skin; scalp; itchy; diet; shampoo; disease. puberty; hair;
What is dandruff?
Dandruff is flaking on the scalp that some people start getting around puberty.
The skin of the scalp has many layers. Cells start growing in the dermis at the bottom, and work their way up until they form a layer of dead cells on the skin surface.
These dead cells fall off in small flakes which we don't even notice. Washing your hair or brushing it gets rid of these tiny flakes.
For some people however, there are many more big flakes. These big flakes are what we call dandruff - and they can be very distressing because they can show up on your hair and on your clothes. Some people might think you don't take good care of your appearance even when you are trying hard - but really most people won't notice these flakes as much as you do!
For some people their scalp gets to be very itchy
do you get dandruff?
It is not clear why some people get dandruff, and others don't, but there are some things that we do know about it.
- It seems to start happening around puberty, when a lot more oil is made by glands at the base of each hair. This oil holds the tiny flakes together to make bigger, more noticeable flakes. Boys get more oily hair than girls, and boys have dandruff more often than girls.
- A tiny fungus seems to be part of the reason some people get dandruff. This fungus is called Malassezia (mal-a-sea-zee-a). (Why do they make these names so long and complicated?) This fungus makes the skin cells grow faster, so there are a lot more dead cells and these mix with the hair oils to make bigger flakes.
- There are some other things that can cause flaky, itchy skin, such as ring worm, psoriasis (say sore-i-a-sis) and dermatitis. Your doctor would be able to look at your hair and tell you if you have one of these problems or dandruff.
you do about dandruff?
Well, the first thing is to work out if you really have dandruff, or do you just have the normal tiny flakes of dead cells which everyone has.
Have a talk with your parent or caregiver, or with your doctor, to see whether you really do have a problem.
There are several different things you can try to see if you can improve your scalp health.
- First, if you have oily hair, using a gentle shampoo every day will get rid of the extra oil. Since the oil holds the flakes together making big, noticeable flakes, getting rid of the oil is enough for some people.
- Avoid hair products like hair gels. These hold on to the tiny flakes making bigger lumps too.
Then there are the treatments, such as anti-dandruff shampoos. These can be expensive, but can be helpful if you are having problems with dandruff.
- You can get many of the shampoos at pharmacies (chemist shops).
- Different types of shampoos work in different ways - some can affect the colour of your hair and some people can be allergic to some of the products. So have a talk to the chemist before you spend your money.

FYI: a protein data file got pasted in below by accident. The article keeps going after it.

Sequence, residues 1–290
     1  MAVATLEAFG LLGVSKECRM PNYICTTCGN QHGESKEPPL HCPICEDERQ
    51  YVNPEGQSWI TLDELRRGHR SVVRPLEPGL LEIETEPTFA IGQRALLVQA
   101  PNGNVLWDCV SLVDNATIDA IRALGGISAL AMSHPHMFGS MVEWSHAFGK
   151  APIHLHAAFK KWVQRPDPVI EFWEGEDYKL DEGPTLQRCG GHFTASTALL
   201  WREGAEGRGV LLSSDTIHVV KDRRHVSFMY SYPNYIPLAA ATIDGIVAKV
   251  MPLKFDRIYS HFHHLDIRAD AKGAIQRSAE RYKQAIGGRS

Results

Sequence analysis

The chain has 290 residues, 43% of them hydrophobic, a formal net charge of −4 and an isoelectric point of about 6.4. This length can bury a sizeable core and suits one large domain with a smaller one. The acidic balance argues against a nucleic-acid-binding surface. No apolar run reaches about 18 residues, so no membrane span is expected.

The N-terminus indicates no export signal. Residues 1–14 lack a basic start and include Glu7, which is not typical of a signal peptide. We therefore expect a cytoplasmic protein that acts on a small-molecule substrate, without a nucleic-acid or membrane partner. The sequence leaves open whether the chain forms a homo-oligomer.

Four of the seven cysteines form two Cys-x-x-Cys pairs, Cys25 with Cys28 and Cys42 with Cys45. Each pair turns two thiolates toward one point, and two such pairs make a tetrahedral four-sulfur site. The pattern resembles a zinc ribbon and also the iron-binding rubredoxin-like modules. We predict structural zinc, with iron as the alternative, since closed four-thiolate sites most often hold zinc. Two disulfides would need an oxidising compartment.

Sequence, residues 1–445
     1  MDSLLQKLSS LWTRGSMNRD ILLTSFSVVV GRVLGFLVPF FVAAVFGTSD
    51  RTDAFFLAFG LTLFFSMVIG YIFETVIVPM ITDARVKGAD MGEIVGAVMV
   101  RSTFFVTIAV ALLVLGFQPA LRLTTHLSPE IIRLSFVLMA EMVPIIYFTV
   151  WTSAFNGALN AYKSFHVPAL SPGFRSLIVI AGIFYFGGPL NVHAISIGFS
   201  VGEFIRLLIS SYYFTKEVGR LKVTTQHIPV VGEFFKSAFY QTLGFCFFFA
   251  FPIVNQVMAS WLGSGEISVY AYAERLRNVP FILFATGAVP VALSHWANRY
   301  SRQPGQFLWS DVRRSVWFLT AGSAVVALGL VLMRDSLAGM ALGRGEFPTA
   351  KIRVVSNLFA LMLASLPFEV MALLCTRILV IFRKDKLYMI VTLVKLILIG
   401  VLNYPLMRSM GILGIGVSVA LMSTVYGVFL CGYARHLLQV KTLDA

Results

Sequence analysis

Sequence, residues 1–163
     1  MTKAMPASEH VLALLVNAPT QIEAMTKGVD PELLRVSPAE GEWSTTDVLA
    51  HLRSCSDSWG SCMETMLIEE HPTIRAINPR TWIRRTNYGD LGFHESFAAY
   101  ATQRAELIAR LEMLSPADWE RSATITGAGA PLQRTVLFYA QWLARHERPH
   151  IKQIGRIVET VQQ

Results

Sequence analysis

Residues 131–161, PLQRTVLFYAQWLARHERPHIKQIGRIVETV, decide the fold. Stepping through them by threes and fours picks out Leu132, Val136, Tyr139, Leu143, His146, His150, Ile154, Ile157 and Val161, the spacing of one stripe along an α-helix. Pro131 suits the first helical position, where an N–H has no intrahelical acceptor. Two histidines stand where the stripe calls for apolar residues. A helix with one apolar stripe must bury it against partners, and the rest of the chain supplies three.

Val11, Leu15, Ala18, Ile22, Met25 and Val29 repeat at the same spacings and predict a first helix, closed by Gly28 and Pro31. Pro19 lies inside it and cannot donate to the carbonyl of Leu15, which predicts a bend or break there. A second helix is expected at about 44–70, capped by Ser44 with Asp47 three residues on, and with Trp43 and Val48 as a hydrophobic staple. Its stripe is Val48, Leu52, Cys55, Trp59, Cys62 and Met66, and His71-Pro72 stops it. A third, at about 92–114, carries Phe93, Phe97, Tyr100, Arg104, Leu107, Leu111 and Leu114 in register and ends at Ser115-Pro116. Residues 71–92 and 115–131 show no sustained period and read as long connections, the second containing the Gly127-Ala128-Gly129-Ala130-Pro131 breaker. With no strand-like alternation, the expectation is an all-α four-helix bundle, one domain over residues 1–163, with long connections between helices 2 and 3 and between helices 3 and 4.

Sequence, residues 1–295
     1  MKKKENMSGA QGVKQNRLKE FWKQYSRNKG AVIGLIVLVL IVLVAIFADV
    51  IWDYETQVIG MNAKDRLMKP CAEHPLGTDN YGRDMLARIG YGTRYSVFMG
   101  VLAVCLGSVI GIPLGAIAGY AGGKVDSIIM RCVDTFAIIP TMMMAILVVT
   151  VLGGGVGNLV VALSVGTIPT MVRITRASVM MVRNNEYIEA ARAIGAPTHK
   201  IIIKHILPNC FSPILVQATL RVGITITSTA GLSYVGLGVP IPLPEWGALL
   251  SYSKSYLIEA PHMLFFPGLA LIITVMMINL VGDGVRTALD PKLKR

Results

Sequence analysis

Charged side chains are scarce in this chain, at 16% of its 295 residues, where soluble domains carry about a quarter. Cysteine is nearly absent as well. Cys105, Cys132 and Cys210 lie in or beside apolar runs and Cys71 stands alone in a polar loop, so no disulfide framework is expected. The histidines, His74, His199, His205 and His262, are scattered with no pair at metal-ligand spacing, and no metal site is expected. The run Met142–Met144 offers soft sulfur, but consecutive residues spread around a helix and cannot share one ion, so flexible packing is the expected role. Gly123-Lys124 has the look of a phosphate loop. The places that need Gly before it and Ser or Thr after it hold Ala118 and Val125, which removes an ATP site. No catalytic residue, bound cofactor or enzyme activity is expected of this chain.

- When you use one of these products, it is important to leave it on your scalp for the amount of time it says on the bottle before you wash it off.
- You may need to use one of these shampoos every day to start with, then, as the dandruff gets less, use the product about twice a week for a while.
If you have dandruff that is not getting better even when you have tried a couple of different types of products, go back to see your doctor. He or she may be able to prescribe a different treatment which could work.
Remember, dandruff is treatable.
Did you know…
Tea tree oil kills fungus, and can be helpful for some people who have dandruff and who would prefer to use a 'natural' product - but be careful...
- 'raw' tea tree oil can hurt broken skin, or irritate healthy skin
- some people are allergic to tea tree oil, and that could cause even more itching and scaling.
Test it on a different part of your skin before you try it on your head.
||"My grandma told me that her mum used to rub her head with an onion to get rid of dandruff. I think it was before they had shampoo, though." Ellena|
"I rinse my hair with vinegar once a month. My mum does too. She says it makes our hair shiny and healthy. We don't have dandruff." Kimberley
"Sometimes your scalp may be flaky and itchy because it is too dry. Maybe you wash it too much. Do you use hair conditioner?
Getting out into the fresh air and exercising is a good way to get your body working as it should.
But if you do have dandruff there are lots of different types of anti-dandruff treatments and if one is not working for you there are others that may be able to help. There are some treatments that can only be prescribed by a doctor - so get your parent or caregiver to take you to see a doctor if the other treatments are not working.
About 50% of people have dandruff at some time in their life, but it goes away after a while for most of them, so don't worry too much."
We've provided this information to help you to understand important things about staying healthy and happy. However, if you feel sick or unhappy, it is important to tell your mum or dad, a teacher or another grown-up.